Some people may think gluten-free foods are trendy. Surely, actors like Gwyneth Paltrow rave about it. Even Chelsea Clinton's wedding cake was free of the “bad” cereal.
Tennis star Novak Djokovic has a gluten-free diet and has felt fitter and more powerful ever since.
More and more people are opting to go gluten-free, supposedly because it's a healthier diet.
But is a gluten-free diet really beneficial to everyone?
Certainly, many popular celebrities who have gone gluten-free have experienced the good side of this diet.
It’s good that more people have become aware of gluten-free products, more restaurants and stores offer gluten-free products that don’t contain gluten.
But not because gluten is unhealthy, but because there are people who suffer from a disease that make it impossible for them to process this substance like the rest.
Although there are more people who voluntarily do without gluten, an alarming number of them don’t even know exactly what gluten is, or why it should be avoided.
Here’s a rundown of the important things you should consider before you transition into a gluten-free diet.
What is gluten?
Gluten is a protein with special binding properties. It is known as glue or grain protein commonly found in wheat, barley, rye, some oats other types of food one would not expect.
It ensures that the dough sticks together and moisture is retained; binds all other ingredients to a stable structure.
The result: an airy, juicy pastry with a firm texture that stays fresh for a long time.
Without gluten, baking traditional pastries, breads and rolls would be impossible.
Sounds good, doesn’t it? Well, not for some people who don't respond as well to gluten.
Certain components of the glue protein irritate the intestine which results in digestive problems.
For this reason, attempts have been made in recent years to find useful alternatives to foods containing gluten.
How does gluten affect the body?
Consuming gluten triggers inflammation in the small intestine that causes severe abdominal pain, weight loss, vomiting, fatigue, loss of appetite, diarrhea and even depression.
Gluten sensitivity also causes autoimmune disorders like celiac disease; skin disease like dermatitis herpetiformis and neurological disorders like schizophrenia.
How do you know if you are gluten intolerant?
Frequent headaches, abdominal pain, unexplained mood swings and loss of appetite are common signs and symptoms of gluten intolerance or sensitivity to gluten.
The best way to know if you have gluten intolerance is to get tested.
However, according to Dr. Stefano Guandalini, expert on celiac disease and creator of the University of Chicago Celiac Disease Center, there are no current tests specific to non-celiac gluten sensitivity.
“No antibodies in the blood are specific enough, or sensitive enough, for this condition. No antibodies in the stools can be utilized to diagnose or screen for this condition.” - Dr. Guandalini, beyondceliac.org
Preferably, experts recommend getting tested for celiac disease or wheat allergy. If both come out negative, your doctor will start a gluten elimination diet.
Although a negative result doesn’t necessarily mean you don’t have gluten intolerance. Improved symptoms may mean you have non-celiac gluten sensitivity.
A simple blood test can screen for celiac disease, but your diet would have to contain gluten prior to testing.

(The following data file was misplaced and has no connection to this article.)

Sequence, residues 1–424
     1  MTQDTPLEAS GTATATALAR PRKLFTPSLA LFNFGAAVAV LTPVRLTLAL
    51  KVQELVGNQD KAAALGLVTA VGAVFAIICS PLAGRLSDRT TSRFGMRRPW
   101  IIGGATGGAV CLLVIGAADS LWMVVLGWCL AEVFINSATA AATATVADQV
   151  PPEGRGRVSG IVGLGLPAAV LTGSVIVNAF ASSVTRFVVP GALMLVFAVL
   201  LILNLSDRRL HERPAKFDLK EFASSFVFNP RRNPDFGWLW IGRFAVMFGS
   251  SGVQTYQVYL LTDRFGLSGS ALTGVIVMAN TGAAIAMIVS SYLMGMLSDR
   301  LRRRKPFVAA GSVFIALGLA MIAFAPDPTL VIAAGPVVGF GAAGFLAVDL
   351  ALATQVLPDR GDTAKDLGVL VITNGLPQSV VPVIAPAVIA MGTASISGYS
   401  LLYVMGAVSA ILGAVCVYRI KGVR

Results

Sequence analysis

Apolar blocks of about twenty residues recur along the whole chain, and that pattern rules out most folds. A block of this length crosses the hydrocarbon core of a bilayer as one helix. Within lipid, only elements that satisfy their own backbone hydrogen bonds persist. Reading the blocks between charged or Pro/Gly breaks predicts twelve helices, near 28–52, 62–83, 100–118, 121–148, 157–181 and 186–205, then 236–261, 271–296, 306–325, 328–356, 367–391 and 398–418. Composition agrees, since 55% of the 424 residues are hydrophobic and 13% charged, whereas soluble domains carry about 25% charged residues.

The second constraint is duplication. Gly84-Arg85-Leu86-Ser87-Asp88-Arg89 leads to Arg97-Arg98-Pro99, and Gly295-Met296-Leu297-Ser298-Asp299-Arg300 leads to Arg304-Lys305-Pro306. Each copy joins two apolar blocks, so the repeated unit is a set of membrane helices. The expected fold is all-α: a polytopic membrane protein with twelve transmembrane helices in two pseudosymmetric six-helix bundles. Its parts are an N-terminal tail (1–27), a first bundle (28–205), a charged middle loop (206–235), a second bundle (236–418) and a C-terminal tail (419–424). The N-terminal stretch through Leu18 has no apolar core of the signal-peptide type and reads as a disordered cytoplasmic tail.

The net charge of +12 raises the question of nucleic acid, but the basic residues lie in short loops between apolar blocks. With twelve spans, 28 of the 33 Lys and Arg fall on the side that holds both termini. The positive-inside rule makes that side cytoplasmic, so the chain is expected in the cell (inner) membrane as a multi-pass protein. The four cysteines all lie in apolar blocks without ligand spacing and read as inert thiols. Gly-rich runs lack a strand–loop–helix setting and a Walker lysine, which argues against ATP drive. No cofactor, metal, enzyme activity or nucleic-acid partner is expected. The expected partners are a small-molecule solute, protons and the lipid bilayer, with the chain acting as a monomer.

What are the benefits of a gluten-free diet?
1. Alleviates digestive problems
Bloating, stomach pain, constipation and diarrhea are some common symptoms of gluten intolerance that can be relieved with a gluten-free diet.
Along with other side effects like fatigue, nausea, vomiting and mood swings.
A research conducted by the American Journal of Gastroenterology studied the effects of gluten on adults with non-celiac gluten sensitivity or NCGS.
Everyday, for six weeks, participants were given food containing gluten. They reported symptoms like stomach pain, poor stool consistency, fatigue and bloating worsened.
If you experience these symptoms mentioned above after eating gluten-containing foods, try an elimination diet to rule out if going gluten-free can help you in the long-term.
2. Boosts energy levels
Decreased levels of iron, vitamin D, folic acid, vitamin B12, magnesium and zinc are often observed in patients who don’t follow a celiac diet.
Iron deficiency is common among celiac patients which leads to anemia, fatigue, drowsiness and low energy.
People who suffer from these symptoms are caused by gluten triggering an immune response that causes the immune cells to attack the small intestine.
Over time, the damage to the stomach lining can affect the absorption of certain nutrients, making it difficult to get the right nutrients needed to maintain energy levels.
If this is the case for you, going gluten-free could improve your energy levels, counter brain fog and fatigue caused by gluten.
In a study conducted by the Rowett Institute of Nutrition and Health of Aberdeen University in the UK, found “that a gluten-free diet improves feelings of fatigue, with participants reporting much higher energy levels during the gluten-free period of the study.” said Dr. Alexandra Johnstone.
Participants consisting of 95 adults (64 women, 31 men) were asked to remove gluten from their diet for 3 weeks and return to their regular diets for the same period of time.
“The fact that they were able to start tasks quicker, concentrate better and think clearer during this time, and felt the need to rest less, all point towards the idea that sensitivity to gluten does exist for some individuals who don't have celiac disease.